Although Belle Prater’s Boy doesn’t specifically provide the multicultural blend that I was looking for, it is surely a good read: the characters are engaging, the story flows well, and the very small town lifestyle is different from what some readers may be familiar with.

 

#7: Little Shaq by Theodore Taylor III

Little Shaq by Shaquille O'Neal

When you think of Black History month do you think of politicians or just of musicians and actors? What about famous athletes? African American have contributed to society in so many ways! I’d like to share with you a great little book about Shaquille O’Neal, the basketball player.  He has a  series out called Little Shaq.

Little Shaq is a book for emerging and middle grade readers, depending on their interest.

When Little Shaq and his cousin Barry accidentally break their favorite video game, they need to find a way to replace it. That’s when Little Shaq’s science project inspires a solution: a gardening business. They can water their neighbors’ gardens to raise money for a new game! Little Shaq and Barry make a great team both on and off the basketball court, but will their business be as successful as they hoped?

The best thing about this book is that it shows kids (and maybe some adults) that athletes can have other talents than on the ball field or the court. Friends, family, business, and fair play are lessons that readers will enjoy.

This title also counts toward the Diversity Reading Challenge. Way to go Little Shaq!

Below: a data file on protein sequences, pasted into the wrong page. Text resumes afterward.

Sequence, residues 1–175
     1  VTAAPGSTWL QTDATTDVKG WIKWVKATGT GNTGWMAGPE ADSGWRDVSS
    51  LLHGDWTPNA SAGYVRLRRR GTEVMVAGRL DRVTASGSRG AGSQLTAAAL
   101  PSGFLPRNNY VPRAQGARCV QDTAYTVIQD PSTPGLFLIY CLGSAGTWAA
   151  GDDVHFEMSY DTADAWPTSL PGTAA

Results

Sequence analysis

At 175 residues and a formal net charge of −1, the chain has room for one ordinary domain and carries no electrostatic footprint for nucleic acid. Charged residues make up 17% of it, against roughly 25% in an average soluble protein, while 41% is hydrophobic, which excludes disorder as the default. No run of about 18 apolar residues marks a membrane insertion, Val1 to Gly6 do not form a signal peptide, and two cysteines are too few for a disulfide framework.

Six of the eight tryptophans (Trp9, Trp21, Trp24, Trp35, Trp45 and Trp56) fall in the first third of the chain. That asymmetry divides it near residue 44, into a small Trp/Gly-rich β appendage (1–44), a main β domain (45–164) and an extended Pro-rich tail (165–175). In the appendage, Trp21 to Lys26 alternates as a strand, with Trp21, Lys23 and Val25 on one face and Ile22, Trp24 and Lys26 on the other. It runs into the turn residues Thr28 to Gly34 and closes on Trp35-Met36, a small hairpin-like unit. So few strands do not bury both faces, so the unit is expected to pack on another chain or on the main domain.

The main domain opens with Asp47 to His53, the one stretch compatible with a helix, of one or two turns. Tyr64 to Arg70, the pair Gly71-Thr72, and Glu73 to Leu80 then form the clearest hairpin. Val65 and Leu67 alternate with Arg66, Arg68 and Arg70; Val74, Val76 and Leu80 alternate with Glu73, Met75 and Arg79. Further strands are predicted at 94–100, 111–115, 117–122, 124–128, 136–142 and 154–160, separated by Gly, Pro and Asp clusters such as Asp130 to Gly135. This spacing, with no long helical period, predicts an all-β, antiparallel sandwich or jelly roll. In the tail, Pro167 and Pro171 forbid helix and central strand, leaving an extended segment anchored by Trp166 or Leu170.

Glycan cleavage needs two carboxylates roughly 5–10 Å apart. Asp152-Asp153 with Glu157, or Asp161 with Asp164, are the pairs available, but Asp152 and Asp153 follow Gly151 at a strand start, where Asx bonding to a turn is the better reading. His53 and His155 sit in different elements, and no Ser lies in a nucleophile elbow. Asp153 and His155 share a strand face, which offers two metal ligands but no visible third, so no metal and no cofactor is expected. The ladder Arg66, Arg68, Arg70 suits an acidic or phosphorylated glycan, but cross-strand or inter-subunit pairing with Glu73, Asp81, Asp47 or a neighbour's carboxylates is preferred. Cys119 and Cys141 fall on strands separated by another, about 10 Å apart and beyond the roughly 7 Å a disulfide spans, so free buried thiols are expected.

#8: Don’t Forget DEXTER! by Lindsay Ward

Dexter T Rexter might be the cauuuuuutest T-Rex I’ve ever met! And sadly, I would be devastated if he were mine and got separated from me. But you know what, that’s exactly what happens in this adorbs story. Poor Dexter gets left behind in the doctor’s office waiting room. He’s sure his best buddy would never leave him behind on purpose so he sets out to figure out what happened and then tries to help himself get rescued.

The illustrations are multidimensional and so clever. I love love love this story. No spoiling the ending either, so you’ll hafta find out for yourself what happens.

PS you’ll be singing the dinosaur song all day!

 

 

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Diversity Reading Challenge

5 Books for Your Young Feminist Library

feminist

 6 Books for Your Feminist Library

Feminism! The word often gets a bad reputation for no good reason. Feminism does not mean the act of hating men. It means fighting for the rights of women making sure they are provided with equal opportunities. We all want to be treated as equals, right?

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Diversity Reading Challenge

Have you Read: The Parker Inheritance by Varian Johnson, a 2018 #Cybils Middle Grade winner?

The Parker Inheritance by Varian Johnson

There is SO MUCH to love about this title! The Parker Inheritance has something for everyone:

  • Black History
  • Friendship
  • Bullying
  • Divorce
  • LGBTQ
  • A Mystery to solve

Take all of those ingredients and what comes out is an award winning book. Readers will love how Johnson took his time drawing our main characters into the story making sure to draw fully fleshed out personalities. Brandon and Candice try to solve a puzzle to clear Candice’s late grandmother’s name. And oh what a mystery it is. From learning about Jim Crow laws in the South to modern day experiences of bullying by adults and children, these two form a true friendship built on trust. And they might win a bunch of money too. What’s not to love about that?

The Parker Inheritance is having a great year: A Cybils award, my blog, a Diversity Reading Challenge feature, and Coretta Scott King (Author) Book Honor Award! Way to go Parker Inheritance!

If you’re keeping track, The Parker Inheritance ticks off the box for an African American young woman as the main character.

Bam.

 

 

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Diversity Reading Challenge

Have you Read Harbor Me by Jacqueline Woodson?

Harbor Me by Jacqueline Woodson